Chinese flag with the Yangtze River in background.

The Chinese government has been enacting restrictions over the past few years, with a full ban coming into effect Jan. 1, 2021. | Wangkun Jia/Shutterstock

The Chinese Ministry of Ecology and Environment last week announced details about the country’s upcoming ban on all materials it classifies as “solid waste,” including recovered fiber.

The agency on Nov. 25 published information about the ban, referencing its approval during the National People’s Congress earlier this year and noting it will take effect Jan. 1, 2021. The Bureau of International Recycling (BIR) and the Institute of Scrap Recycling Industries (ISRI) shared unofficial English translations of the document.

The new announcement puts the new ban details in writing, but industry insiders have anticipated the policy for over a year. And shipping companies have moved away from accepting shipments of recyclables bound for China, citing the upcoming policy.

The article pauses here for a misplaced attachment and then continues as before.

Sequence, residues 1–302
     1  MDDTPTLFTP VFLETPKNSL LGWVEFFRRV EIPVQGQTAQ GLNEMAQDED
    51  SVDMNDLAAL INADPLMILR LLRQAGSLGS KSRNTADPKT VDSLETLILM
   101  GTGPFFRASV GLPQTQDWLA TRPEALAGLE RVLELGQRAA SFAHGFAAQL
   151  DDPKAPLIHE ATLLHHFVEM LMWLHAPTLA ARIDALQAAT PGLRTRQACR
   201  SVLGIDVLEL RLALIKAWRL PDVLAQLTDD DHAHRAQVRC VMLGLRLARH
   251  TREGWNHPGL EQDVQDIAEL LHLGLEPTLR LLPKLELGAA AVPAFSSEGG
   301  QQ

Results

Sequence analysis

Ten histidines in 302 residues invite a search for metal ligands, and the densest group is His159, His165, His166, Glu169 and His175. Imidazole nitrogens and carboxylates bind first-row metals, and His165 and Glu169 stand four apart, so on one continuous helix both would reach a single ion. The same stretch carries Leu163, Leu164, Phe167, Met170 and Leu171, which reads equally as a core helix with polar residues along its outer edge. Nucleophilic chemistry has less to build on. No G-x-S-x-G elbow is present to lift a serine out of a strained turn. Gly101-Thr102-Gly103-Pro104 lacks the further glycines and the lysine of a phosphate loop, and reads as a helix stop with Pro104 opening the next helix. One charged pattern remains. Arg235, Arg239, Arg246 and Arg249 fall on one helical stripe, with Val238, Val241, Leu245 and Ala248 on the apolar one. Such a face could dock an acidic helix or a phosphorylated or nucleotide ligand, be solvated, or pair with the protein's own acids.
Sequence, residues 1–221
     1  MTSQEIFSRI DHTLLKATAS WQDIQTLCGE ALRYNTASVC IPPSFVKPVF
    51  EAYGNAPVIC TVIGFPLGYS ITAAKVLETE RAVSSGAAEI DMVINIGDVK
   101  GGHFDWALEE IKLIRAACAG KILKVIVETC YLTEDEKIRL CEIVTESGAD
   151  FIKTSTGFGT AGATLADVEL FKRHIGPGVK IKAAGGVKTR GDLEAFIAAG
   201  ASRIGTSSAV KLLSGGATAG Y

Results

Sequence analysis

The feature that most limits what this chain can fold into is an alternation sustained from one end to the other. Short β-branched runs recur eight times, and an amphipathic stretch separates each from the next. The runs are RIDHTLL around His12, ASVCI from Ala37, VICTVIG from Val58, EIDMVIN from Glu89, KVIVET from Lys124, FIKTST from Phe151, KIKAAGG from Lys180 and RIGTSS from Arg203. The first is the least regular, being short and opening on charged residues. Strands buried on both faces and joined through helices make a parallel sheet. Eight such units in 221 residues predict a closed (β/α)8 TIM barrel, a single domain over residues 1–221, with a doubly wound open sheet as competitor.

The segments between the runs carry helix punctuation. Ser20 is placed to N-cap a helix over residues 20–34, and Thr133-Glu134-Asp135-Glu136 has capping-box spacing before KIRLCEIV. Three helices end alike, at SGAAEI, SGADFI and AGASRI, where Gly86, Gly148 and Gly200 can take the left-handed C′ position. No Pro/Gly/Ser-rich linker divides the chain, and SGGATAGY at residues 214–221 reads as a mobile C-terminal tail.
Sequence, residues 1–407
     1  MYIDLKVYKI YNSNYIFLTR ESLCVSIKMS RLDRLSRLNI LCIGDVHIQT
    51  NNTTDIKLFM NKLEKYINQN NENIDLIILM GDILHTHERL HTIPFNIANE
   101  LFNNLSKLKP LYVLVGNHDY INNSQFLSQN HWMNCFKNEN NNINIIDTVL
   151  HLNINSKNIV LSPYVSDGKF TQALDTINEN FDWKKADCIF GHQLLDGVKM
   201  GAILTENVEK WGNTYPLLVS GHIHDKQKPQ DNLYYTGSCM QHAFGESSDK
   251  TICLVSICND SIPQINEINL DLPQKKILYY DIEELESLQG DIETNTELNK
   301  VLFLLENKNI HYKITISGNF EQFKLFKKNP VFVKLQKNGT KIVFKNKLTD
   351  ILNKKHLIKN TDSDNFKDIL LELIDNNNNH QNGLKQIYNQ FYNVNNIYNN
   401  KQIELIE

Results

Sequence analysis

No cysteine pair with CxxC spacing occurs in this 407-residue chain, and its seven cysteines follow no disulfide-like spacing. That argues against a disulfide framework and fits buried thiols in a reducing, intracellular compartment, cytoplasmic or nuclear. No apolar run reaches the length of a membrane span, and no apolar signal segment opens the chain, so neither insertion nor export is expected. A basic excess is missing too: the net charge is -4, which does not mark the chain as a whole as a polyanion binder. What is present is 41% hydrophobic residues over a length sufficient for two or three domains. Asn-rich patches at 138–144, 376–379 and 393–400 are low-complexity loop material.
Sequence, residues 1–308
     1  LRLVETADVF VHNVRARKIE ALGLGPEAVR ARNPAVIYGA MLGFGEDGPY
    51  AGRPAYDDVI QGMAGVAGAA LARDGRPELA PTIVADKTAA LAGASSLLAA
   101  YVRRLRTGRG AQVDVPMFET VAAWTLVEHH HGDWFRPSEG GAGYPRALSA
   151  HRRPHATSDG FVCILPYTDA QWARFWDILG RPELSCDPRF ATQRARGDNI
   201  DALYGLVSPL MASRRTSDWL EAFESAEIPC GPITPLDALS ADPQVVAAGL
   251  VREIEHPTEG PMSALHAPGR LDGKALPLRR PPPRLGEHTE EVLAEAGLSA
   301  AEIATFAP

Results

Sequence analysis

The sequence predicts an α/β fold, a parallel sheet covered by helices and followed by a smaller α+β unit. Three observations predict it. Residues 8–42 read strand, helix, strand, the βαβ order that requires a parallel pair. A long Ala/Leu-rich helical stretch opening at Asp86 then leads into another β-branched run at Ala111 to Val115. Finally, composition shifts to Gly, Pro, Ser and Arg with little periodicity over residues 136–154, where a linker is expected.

According to ISRI, the ban will cover materials outlined in China’s GB 16487 import standards, which includes recovered fiber. During the third quarter of this year, the U.S. exported 1.86 million short tons of recovered fiber to China, suggesting potential challenges in 2021 for brokers looking to move this material to alternative markets.

However, experts have debated how substantial of an impact the all-out ban will have: The Chinese government has been enacting restrictions over the past few years, and some exporters have reduced their reliance on China as a downstream market.

ISRI added that recycled pulp is not banned for import under the upcoming policy. The industry group also anticipates the Chinese government will release new standards governing recycled plastic pellet imports.

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Van Dyk